A clean river running through our town also would say a lot about our family values — that we have a vision of our future for our kids that makes things like natural landscapes where we live a priority — not more parking lots. And the cost is not that great. Forbes’ Town Crier column said the cost would run $9/month per household. That’s three bags of potato chips. Aren’t our children’s future, our economic growth, and a more beautiful world worth it? You would think that Pezeshki, a professor of mechanical and materials engineering and chairman of the WSU Faculty Senate, could come up with a more learned argument for stormwater regulations than calling me names and hyperbolic claims that our local waterways are open sewers.
Pezeshki's disdain isn't just reserved for me. He apparently loathes the "$16,000-per-year" farmers who have worked the land long before he and his carefully coiffed facial hair graced the Palouse. The farmers are apparently not members of the "creative class," as the good professor apparently fancies himself to be. Plus, I'm sure he blames those damn clodhoppers for voting Republican as well.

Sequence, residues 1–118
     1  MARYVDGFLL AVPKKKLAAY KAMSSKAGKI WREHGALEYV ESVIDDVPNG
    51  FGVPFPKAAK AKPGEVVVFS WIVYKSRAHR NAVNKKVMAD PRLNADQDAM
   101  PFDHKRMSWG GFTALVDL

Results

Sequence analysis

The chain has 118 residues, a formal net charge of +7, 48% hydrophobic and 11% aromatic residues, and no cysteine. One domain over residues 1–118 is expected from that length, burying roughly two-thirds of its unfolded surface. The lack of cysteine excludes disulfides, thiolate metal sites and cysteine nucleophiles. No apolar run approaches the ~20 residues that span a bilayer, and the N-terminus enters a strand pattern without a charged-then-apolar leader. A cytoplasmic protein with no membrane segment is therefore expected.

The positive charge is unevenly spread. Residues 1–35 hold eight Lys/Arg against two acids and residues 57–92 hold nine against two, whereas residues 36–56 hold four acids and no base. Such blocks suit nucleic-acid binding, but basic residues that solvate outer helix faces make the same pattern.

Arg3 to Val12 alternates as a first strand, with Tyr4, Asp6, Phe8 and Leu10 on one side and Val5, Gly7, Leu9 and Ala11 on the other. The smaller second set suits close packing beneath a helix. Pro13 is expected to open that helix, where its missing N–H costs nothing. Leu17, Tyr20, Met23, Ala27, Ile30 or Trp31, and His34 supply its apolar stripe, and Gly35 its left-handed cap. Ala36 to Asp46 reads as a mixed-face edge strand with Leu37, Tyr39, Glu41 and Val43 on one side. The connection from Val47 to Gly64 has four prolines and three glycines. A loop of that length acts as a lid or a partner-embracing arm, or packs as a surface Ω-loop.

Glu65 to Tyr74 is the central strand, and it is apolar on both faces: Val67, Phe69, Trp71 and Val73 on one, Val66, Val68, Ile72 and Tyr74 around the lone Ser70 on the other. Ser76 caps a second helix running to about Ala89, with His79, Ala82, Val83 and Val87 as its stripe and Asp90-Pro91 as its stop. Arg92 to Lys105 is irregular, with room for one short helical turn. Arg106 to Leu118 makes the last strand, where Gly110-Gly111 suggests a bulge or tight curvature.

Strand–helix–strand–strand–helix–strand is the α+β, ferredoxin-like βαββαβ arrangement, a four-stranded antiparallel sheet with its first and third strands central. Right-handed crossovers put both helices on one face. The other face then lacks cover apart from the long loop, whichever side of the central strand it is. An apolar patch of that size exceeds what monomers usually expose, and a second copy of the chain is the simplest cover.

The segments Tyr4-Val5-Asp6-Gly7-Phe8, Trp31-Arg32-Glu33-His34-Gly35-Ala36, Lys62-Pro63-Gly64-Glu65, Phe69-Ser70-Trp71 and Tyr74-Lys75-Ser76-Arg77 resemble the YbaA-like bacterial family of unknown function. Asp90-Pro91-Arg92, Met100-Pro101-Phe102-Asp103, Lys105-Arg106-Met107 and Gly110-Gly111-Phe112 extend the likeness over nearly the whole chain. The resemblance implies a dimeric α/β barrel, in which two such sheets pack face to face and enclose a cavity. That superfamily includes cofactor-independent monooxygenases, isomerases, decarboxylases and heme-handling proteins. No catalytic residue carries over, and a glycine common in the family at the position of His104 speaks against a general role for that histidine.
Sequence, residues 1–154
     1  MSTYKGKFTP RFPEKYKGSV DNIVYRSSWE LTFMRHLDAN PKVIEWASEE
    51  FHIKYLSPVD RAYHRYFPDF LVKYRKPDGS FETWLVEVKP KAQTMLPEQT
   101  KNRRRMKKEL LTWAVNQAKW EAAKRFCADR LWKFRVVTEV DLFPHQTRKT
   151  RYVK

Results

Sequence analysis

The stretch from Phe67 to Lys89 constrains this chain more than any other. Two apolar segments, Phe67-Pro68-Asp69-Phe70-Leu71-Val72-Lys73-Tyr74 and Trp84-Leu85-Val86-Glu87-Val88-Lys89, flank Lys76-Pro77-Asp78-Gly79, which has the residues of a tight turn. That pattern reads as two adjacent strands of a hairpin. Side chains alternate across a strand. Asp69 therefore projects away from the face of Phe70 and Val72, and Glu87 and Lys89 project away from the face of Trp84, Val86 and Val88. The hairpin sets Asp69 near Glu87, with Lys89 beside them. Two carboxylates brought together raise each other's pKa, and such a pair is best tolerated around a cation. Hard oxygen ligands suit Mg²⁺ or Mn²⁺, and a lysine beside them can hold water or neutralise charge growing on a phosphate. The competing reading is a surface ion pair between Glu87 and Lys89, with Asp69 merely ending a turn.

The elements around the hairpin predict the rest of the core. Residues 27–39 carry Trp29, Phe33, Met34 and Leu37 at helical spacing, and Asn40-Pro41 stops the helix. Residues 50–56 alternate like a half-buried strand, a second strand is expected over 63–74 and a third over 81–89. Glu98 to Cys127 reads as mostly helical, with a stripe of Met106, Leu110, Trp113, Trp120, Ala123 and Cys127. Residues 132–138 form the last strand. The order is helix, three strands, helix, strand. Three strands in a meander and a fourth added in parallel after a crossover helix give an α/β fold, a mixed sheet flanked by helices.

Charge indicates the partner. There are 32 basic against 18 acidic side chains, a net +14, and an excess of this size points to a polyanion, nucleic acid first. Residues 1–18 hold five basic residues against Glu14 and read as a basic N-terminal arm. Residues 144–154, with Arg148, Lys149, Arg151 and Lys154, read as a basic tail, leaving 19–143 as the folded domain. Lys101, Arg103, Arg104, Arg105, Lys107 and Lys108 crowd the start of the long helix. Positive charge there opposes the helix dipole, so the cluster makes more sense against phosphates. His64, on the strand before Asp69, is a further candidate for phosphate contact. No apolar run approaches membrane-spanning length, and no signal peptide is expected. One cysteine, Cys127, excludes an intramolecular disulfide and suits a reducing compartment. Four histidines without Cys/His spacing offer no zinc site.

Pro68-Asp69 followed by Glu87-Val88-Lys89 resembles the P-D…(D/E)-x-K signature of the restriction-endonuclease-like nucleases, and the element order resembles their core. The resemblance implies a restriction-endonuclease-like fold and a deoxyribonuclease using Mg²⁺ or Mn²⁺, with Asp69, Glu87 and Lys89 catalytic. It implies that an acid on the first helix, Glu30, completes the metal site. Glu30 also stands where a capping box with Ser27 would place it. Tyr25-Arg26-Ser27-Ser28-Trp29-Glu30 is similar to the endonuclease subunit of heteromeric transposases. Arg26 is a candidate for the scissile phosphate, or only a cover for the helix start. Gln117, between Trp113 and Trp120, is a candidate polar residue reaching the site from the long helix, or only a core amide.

I guess I should be flattered that I annoy the local left-wing intelligentsia so much. I have become their all-purpose bogeyman as of late. But it's not just me that believes that the proposed DOE stormwater regulations are ridiculous. So does Mayor Johnson, the entire Pullman City Council and the director of Environmental Health and Safety at WSU. I'd rather have their approbation than the elitist Pezeshki's.
Pezeshki does not explain where the money to fund his grand vision will come from. It would be a hell of a lot more than a bag of chips, I can tell you that.
Finally, Pezeshki writes of legislative priorities. That's funny, because I didn't see him at the Town Hall meeting last month with our legislators advocating that point. It's easier to pontificate from his ivory tower I guess.